Those brief respites proved valuable and prompted MMA media to talk about them as the Brazilian's personal version of a "standing eight count," the recovery time allotted to a boxer that has been knocked down before they wade back into the fray.
It's a unique wrinkle that has only appeared in Oliveira's fights thus far, but the uncrowned ruler of the lightweight division sees it as nothing more than being prepared to engage wherever the fight may go, and a chance to exploit an opponent's weaknesses if they're not particularly interested in mixing it up with him on the mat.
"It is MMA; you have to know how to fight everywhere," he said, responding to a question about the "standing eight count" chatter that surfaced following his last fight. "I always keep my jiu-jitsu sharp and ready. I am always prepared to fight anywhere.
"Wherever the fight goes, I am comfortable, so if some fighters get uncomfortable in a certain area, I will focus on taking them there."
Finding an area where Makhachev is uncomfortable could prove quite difficult, as the streaking contender has looked right at home inside the octagon over the last seven years.
Makhachev enters Saturday's contest on a 10-fight winning streak and sporting a 22-1 record overall. Heralded as the "heir to the throne" following the retirement of his long-time training partner turned coach Khabib Nurmagomedov, the 31-year-old has used the last two years doing his best to validate those projections and promises.
In 2021, he scored consecutive submission wins over Drew Dober, Thiago Moises and Dan Hooker to climb into contention, and earlier this year, he made quick work of short-notice replacement Bobby Green, dispatching the veteran lightweight in the first round.
While some will argue that Makhachev has yet to face, let alone beat, anyone in the upper echelon of the UFC's 155-pound weight class, it's been through no fault of his own, as key matchups have been scuttled by injuries to his opponents, and the marquee names haven't exactly been rushing to sign up to share the octagon with him.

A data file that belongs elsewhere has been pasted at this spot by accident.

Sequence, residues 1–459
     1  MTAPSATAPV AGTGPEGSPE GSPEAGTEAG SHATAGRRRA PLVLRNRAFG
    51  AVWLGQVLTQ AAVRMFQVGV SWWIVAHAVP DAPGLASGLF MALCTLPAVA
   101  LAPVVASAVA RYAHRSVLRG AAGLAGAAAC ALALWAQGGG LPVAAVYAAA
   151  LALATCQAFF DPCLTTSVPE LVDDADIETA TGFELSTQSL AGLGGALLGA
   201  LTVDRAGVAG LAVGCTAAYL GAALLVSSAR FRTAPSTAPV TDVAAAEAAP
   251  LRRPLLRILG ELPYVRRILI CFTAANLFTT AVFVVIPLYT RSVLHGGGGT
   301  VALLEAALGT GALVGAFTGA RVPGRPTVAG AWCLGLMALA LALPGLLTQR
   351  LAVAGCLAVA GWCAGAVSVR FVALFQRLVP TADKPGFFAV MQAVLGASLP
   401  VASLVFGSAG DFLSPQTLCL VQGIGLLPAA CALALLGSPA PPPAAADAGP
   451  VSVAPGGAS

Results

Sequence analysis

Oliveira showed no hesitation, however, and knows he has his work cut out for him in the UFC 280 main event.
"He has a great record in the UFC, and the UFC has the best fighters," he said of Makhachev, maintaining his "say little and let my actions speak for me" approach. "All I focus on is my training. I will be comfortable wherever the fight goes."
Having spent the last five-plus months as the "king without a crown," one would think a victory on Saturday might mean a little more to Oliveira.
It's a chance to get his title back, to leave no question as to who the top lightweight in the UFC (and the sport) is now, and to extend his winning streak to an even dozen, while continuing to inch closer to becoming the fighter with the most victories in UFC history.
But for the Brazilian, Saturday night is simply a chance to earn another win. And should he emerge victorious, his focus will shift to the same place it does following each and every trip into the octagon.
"All wins in the UFC are big," he said, refusing to put any greater importance or significance on this weekend's contest. "(As for what's next), I will get ready for my next fight; I like to stay active."
This story first published at UFC.com.